Metropolitan traffic authorities say Marte died when the Mercedes Benz he was driving hit a house along a road between San Francisco de Macoris and Pimentel, about 95 miles (150 kilometers) north of the capital.

Marte, a 33-year-old infielder, played for several Major League teams, including Atlanta, Cleveland and Arizona, and was most recently playing in the Korean league.

Marte was playing in the Dominican winter league with the Aguilas Cibaenas team.

"We have awoken this Sunday with this sad news that we have lost a special being," club president Winston Llenas said in a statement about Marte.

The Associated Press contributed to this report

Santiago Casilla says he never received offer from Giants

Santiago Casilla says he never received offer from Giants

SAN FRANCISCO — Over the final month of his time with the Giants, it became clear that Santiago Casilla and the team would part ways. On Friday, Casilla confirmed that he never had the opportunity to return. 

On a conference call to announce a two-year deal with the Oakland A’s, Casilla said he “would have been happy to return to the Giants, but I never got an offer from them. I understood.”

Casilla said he had several opportunities to go elsewhere and close, mentioning the Milwaukee Brewers as one interested team. Casilla signed a two-year, $11 million deal with the A’s, who likely won’t need him to pitch in the ninth. The Brewers went on to bring in Neftali Feliz for one year and $5.35 million; he is expected to close. 

“I preferred to return to the Athletics because that’s where my career started,” Casilla said through interpreter Manolo Hernández Douen. “And I’m very excited.”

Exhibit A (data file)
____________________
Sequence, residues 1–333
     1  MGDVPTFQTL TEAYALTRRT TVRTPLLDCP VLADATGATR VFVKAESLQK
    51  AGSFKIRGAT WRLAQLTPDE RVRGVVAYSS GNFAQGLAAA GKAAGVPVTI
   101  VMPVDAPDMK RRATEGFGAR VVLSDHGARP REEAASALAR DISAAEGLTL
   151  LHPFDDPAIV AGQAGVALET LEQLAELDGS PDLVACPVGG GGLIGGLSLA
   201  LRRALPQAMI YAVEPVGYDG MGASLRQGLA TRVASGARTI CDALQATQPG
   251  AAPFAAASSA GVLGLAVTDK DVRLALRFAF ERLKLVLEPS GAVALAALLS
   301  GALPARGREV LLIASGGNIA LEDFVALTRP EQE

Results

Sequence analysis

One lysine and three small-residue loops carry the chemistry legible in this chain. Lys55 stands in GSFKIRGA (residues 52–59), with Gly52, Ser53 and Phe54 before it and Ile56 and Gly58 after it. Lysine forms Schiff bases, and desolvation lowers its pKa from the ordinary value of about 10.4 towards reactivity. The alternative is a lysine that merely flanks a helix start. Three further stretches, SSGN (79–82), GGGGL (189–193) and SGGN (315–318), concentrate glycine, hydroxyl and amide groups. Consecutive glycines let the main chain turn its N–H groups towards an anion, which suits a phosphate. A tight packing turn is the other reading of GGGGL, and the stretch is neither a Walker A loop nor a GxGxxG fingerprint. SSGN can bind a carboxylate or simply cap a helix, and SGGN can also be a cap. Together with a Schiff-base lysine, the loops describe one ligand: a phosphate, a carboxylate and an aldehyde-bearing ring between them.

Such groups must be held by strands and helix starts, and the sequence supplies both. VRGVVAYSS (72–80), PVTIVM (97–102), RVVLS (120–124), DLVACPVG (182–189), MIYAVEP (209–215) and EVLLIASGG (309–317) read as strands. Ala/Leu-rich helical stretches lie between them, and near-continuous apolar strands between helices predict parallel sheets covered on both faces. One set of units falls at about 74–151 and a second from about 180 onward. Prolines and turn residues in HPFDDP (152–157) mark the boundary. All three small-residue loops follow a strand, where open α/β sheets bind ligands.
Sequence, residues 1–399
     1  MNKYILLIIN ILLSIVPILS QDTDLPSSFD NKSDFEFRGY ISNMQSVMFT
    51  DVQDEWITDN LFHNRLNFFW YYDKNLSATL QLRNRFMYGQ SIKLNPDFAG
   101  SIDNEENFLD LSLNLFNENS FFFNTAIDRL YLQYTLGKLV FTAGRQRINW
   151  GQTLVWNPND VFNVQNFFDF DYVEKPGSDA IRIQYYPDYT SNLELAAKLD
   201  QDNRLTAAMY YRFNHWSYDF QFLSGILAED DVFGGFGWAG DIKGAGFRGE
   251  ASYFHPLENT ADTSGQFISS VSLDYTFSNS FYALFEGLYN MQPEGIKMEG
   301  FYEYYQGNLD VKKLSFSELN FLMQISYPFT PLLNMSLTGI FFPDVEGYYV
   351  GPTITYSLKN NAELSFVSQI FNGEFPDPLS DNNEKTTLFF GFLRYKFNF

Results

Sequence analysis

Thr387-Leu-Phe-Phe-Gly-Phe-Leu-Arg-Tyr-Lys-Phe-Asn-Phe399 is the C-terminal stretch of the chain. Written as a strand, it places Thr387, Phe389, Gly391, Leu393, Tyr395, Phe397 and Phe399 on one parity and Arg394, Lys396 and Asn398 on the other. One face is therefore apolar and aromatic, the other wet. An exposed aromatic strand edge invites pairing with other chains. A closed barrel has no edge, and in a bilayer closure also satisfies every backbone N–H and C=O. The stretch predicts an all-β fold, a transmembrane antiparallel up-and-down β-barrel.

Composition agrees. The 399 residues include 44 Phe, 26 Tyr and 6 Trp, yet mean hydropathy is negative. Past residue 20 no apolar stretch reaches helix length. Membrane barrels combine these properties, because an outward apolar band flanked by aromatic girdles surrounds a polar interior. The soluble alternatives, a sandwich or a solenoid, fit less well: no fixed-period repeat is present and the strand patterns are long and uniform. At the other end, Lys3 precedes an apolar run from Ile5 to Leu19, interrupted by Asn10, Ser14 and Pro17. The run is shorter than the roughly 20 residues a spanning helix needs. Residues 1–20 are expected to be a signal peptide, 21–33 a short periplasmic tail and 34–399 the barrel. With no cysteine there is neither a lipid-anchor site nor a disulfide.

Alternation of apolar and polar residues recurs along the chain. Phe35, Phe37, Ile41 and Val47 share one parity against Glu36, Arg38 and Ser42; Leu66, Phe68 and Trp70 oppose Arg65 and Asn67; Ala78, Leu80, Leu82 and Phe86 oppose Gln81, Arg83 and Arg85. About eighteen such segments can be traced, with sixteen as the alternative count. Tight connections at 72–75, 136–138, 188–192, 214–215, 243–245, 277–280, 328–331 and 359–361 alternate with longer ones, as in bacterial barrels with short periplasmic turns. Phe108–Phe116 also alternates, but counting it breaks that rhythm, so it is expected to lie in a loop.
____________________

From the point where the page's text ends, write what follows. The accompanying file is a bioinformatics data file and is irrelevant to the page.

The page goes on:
Casilla spent the first six years of his career with the A’s before crossing the bridge and becoming a key figure in three title runs. In seven seasons in San Francisco, he posted a 2.42 ERA and saved 123 games. Casilla had a 0.92 ERA in the postseason, but he was stripped of a prominent role in the weeks leading up to the 2016 playoffs. 

Casilla, 36, blew nine saves before being pulled from the ninth inning. He appeared just three times in the final 14 regular season games and just once in the playoffs. He did not take the mound in Game 4 of the NLDS, watching as five other relievers teamed up to give back a three-run lead. 

That moment stung Casilla, and it affected Bruce Bochy, too. The Giants struck quickly in December to bring Mark Melancon in as their new closer, but at the Winter Meetings, Bochy said he would welcome Casilla back in a setup role. 

“He’s a great team player (and) teammate,” Bochy said. “(I) certainly wouldn’t rule it out because he still has great stuff. And he had some hiccups there in that closing role, but I would take him anytime.”

As it turned out, that opportunity was never there for Casilla. The Giants didn’t make another move after the big deal with Melancon, and they’ll rely on younger arms to record most of the outs in the seventh and eighth. Casilla said he’s not bitter about the way it all ended. 

“I have left that in the past,” he said. “It’s a new year, it’s a new year. I have left this in the past.”